New data on continuous glucose monitoring for people with type 1 diabetes, over a significantly longer period than before, are now available. A University of Gothenburg study shows that using the CGM tool, with its continuous monitoring of blood sugar (glucose) levels, has favorable effects over several years.
The technology of continuous glucose monitoring (CGM) is superseding that of the classic portable blood glucose meters, which require a prick in the finger several times daily. More and more people with type 1 diabetes have access to the new technology.
With CGM, nonstop measurement of blood glucose takes place by means of a fine subcutaneous fiber thread that tracks and, by telephone or a separate device, reports the blood sugar of the person wearing it. An alarm can be set to issue a warning if the figure becomes too low or high.
Previous clinical CGM trials had investigated its use over roughly six months. In the latest trial, patients were followed up for much longer: two and a half years.
The study comprised 108 adult patients at 13 hospitals in Sweden. All the patients were being treated with insulin injections.
The results, published in the scientific journal Diabetes Care, demonstrate that CGM has several long-term positive effects for people with type 1 diabetes.
The patients’ average blood glucose, in terms of glycated hemoglobin, (HbA1c) level, fell by 4 mmol/mol during the trial period. This is a clear improvement, despite the patients with CGM receiving less support from hospital staff during the study period than they had done before, with capillary testing, the older technique.
The duration of episodes with much lower blood sugar levels, below 3.0 mmol/mol, which have a cognitive effect and are often unpleasant for the patient, decreased by approximately 70%. The patients’ blood glucose fluctuated less, they found CGM more comfortable and enjoyable, and they were less apprehensive about excessively low blood sugar levels.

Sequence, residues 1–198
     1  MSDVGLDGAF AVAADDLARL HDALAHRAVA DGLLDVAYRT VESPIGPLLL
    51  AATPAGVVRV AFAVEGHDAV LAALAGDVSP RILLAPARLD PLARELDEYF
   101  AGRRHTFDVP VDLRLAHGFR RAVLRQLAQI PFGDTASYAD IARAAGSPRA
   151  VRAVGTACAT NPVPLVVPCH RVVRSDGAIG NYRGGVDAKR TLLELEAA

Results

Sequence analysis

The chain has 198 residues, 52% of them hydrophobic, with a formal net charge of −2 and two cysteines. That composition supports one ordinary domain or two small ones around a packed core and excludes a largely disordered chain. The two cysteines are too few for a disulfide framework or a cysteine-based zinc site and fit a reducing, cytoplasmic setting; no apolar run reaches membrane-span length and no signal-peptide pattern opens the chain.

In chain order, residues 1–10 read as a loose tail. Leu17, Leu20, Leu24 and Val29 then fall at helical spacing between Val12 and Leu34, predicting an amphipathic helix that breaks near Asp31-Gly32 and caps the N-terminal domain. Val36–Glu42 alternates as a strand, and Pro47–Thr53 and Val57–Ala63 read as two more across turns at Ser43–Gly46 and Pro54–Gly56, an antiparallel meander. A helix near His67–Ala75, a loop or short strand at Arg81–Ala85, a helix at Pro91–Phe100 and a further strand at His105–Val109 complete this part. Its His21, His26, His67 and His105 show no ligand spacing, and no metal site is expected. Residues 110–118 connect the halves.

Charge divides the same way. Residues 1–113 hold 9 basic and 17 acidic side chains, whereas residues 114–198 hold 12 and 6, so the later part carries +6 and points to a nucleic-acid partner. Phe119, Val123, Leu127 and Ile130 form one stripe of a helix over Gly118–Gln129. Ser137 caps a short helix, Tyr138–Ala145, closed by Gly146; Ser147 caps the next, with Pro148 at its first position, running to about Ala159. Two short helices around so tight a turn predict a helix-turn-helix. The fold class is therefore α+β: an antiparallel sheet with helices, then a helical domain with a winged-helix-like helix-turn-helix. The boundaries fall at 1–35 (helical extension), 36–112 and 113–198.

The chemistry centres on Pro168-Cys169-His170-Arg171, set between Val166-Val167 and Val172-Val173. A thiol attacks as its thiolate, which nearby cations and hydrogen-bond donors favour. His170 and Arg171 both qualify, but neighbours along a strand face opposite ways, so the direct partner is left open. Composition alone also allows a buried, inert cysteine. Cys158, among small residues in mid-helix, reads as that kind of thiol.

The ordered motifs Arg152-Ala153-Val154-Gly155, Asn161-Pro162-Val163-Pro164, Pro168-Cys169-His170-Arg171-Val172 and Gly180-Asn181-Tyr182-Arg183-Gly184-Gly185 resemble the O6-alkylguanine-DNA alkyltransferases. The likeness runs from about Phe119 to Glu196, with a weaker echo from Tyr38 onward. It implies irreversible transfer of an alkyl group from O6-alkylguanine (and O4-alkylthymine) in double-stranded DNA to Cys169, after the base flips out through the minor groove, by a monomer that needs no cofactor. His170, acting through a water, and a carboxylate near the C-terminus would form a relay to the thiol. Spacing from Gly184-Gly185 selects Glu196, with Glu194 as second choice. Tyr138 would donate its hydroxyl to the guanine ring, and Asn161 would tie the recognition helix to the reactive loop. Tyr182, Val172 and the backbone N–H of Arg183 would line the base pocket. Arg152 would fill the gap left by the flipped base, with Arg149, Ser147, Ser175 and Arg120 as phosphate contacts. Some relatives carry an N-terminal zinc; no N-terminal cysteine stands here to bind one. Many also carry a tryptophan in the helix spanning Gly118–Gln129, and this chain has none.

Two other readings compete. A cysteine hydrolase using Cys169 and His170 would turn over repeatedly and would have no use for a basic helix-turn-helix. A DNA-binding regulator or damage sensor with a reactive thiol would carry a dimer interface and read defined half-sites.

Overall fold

The technique thus had effects that both gave the patients medical protection and enhanced their mental wellbeing, thereby providing scope for long-term, efficacious treatment.
In charge of the study was Marcus Lind, Professor of Diabetology at Sahlgrenska Academy, University of Gothenburg, and chief physician at Uddevalla Hospital. The work was carried out at the research unit in NU Hospital Group that he leads.
“Nowadays, most people with type 1 diabetes in Sweden get CGM. However, it’s important for decision makers to use longer-term data as a basis for deciding which treatments to subsidize and support,” Lind says.
“We’ve had periods when CGM has been questioned in some parts of the country, although it’s become steadily more established over time. Robust data are also important at times when financing of various technical aids is increasingly being discussed.”
“The study is also important from an international point of view, since CGM isn’t available for most people in the world with type 1 diabetes – and this applies in Western countries as well. Long-term data are needed to enable more patients to use CGM. The present study shows that when patients use it and also receive support at the level recommended in clinical practice for extended periods, many vital variables improve for people with type 1 diabetes. So this study is important for type 1 diabetic patients worldwide,” Lind concludes.
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